Just like people, dogs get aches and pains from aging, surgery and injury.
Unlike people, dogs don’t always have access to care that might help them to feel better.
Eleven years ago, Judy Gaetje and Beth Iler decided they wanted to do something to help ailing dogs, so they started the Healing Waters Canine Experience at 3400 Cleveland Avenue NW.
“When I explain it, we are a hydrotherapy pool and fun swim,” Iler said.
Gaetje said the idea for Healing Waters came about as a result of their training service dogs for Goodwill.
“We saw a variety of dogs come through with bad hips and knees, and there wasn’t anything in Canton to help them,” she said. “When they closed the program, we decided to open the business.”
Iler said their research found that there wasn’t any such facility in the eastern part of the country.
“The only ones we could find were on the West Coast,” she said.
Though some places offer water treadmills, Gaetje and Iler said they have the only rehab pool for dogs in Ohio.
Dogs are treated by appointment only and must be referred by a veterinarian.
A session at Healing Waters Canine Experience consists of a dog being placed into a salt-water pool heated at 92 degrees. Every dog is accompanied by a staff person, and virtually all are outfitted with a life vest.
Families can go into the pool area or watch a live video feed, Iler said.
Gaetje said the pool room also is heated at 90 degrees because the high temperature helps to pull the muscle away from the bone.
“We’ve had dogs come in paralyzed, but they get into the water and their legs move; that’s very exciting,” she said.
Though bigger dogs do tend to have hip issues, Gaetje and Iler said many problems come from poor breeding and injury.
On average, most dogs are brought in once a week for 15 to 30 minutes.
“It depends on the injury,” Gaetje said.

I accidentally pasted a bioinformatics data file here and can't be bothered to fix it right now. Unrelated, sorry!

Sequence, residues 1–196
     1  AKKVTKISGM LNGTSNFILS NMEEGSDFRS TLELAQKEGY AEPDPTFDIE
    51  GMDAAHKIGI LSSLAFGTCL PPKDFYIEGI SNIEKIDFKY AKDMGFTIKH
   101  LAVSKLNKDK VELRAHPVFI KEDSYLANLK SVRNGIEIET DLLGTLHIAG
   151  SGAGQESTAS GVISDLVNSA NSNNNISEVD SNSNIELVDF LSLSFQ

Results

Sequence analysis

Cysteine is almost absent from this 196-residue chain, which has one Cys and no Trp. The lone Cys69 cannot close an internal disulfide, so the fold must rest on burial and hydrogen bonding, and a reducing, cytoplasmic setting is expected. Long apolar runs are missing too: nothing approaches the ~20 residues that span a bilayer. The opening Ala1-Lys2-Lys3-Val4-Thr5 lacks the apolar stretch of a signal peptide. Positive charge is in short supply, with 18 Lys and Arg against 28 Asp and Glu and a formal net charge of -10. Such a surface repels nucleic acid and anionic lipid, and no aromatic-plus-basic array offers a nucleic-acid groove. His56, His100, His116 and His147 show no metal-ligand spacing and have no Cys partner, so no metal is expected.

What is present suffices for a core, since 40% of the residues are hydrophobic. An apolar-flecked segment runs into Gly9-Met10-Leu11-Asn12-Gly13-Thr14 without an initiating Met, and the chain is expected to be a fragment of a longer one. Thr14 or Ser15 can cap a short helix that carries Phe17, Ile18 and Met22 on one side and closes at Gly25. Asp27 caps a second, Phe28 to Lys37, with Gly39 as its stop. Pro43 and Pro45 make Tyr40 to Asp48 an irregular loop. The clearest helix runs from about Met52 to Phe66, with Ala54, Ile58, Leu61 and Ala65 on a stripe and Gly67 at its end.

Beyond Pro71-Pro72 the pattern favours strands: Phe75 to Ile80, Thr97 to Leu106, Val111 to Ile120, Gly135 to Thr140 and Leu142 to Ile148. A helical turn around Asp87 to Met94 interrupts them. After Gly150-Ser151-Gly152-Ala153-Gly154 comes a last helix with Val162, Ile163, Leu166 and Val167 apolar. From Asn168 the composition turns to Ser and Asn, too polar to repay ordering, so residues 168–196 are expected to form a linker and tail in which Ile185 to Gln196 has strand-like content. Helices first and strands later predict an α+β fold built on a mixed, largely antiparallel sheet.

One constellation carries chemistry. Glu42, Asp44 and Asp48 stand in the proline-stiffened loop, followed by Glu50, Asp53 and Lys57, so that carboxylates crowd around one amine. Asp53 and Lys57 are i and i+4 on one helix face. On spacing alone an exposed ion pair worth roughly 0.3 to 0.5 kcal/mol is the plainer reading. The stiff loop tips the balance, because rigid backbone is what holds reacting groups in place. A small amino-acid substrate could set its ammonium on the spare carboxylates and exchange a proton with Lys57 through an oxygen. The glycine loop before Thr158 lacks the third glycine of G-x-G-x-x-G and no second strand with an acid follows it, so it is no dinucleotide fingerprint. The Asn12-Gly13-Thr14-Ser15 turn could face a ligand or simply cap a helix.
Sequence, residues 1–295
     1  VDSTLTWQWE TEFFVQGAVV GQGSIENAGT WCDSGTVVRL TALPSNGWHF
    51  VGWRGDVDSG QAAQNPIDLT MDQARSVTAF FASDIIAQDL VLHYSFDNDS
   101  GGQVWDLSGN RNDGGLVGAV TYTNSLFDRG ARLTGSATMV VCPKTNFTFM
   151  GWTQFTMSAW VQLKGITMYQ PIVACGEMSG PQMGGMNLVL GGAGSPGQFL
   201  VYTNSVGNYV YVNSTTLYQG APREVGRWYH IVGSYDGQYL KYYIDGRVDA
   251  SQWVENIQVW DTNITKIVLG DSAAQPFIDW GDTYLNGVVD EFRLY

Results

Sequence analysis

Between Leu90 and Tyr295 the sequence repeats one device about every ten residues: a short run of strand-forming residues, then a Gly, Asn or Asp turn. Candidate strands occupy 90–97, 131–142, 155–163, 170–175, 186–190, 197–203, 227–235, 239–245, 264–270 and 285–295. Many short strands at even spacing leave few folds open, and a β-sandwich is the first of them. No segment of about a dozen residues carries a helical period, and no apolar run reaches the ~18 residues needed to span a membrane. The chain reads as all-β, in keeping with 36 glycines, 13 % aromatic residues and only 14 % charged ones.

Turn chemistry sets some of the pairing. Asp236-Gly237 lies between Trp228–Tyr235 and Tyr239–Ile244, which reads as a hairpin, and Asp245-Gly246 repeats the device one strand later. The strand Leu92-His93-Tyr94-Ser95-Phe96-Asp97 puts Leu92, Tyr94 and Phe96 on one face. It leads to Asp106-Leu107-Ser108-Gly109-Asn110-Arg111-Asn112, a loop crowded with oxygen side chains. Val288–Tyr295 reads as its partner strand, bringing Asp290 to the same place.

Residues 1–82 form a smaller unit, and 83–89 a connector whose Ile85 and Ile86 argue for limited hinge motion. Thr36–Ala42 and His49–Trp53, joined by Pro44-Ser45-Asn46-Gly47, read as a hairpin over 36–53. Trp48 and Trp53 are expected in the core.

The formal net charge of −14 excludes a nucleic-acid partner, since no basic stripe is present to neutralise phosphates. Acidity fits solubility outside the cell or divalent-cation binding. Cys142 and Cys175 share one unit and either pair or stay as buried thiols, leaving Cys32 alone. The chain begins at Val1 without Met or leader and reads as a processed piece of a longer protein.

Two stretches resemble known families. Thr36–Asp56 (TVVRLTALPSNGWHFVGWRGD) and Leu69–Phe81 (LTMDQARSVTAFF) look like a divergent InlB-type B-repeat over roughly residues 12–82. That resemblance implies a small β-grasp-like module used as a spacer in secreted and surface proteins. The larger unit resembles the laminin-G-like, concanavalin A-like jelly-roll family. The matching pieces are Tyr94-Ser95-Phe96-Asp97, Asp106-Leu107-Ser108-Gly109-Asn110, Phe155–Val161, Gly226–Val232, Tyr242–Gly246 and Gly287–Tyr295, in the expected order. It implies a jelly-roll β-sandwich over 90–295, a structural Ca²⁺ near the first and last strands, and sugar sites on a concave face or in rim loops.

“If it’s just for a fun swim, it’s usually once a week,” Iler said.
Gaetje said the waters also benefit dogs with arthritis, adding that dogs also are brought in for post-surgery treatment “because the water is so healing.”
Prior to opening the business, Iler and Gaetje were Certified Canine Water Work Practitioners, taking classes at the Ability Center of Greater Toledo, where they learned how to recognize various injuries.
Iler and Gaetje said they serve about 50 dogs a week. That number declined somewhat at the outbreak of the pandemic, but customers are returning, they said.
“We’re lucky,” Gaetje said. “A lot of our business is by word of mouth.”
“We’ve earned a lot of respect from veterinarians, which is huge,” Iler said.
Iler said people often don’t consider that hydrotherapy might help their dogs, and that it even took some time to convince veterinarians.
“They’ve done it for racehorses for years,” she said. “We had dogs brought in on sleds or a wagon, and eventually, they can get into the pool by themselves.”
Gaetje said one of their first success stories was a Rottweiler that had undergone back surgery.
“She couldn’t lift her head,” she recalled. “Nine months later, she was walking up the ramp.”
Healing Waters Canine Experience also offers a “cold,” infrared laser which is used to break down arthritic crystals that form in the joints, which cause pain. It’s a temporary form of relief.
Iler aid the laser also helps to speed up healing from incisions.
Contrary to popular belief, all dogs aren’t natural swimmers.
“It takes time to teach them how to use their bodies,” Iler said. “They tend to tense up on their back end, which is why you see panic splashing.”
“That’s why somebody’s always in the water with them,” Gaetje explained. “You should never just throw your dogs into the water.”
Iler agreed, saying, “We want it to be a good experience.”
Iler and Gaetje said seeing a beloved family pet enjoying a better quality of life is rewarding.
“Seeing the families’ faces light up is the best reward for me,” Iler said. “It’s the little steps.”
To learn more, call 330-491-3647, or visit HealingWatersCanineExperience.com or visit their Facebook page.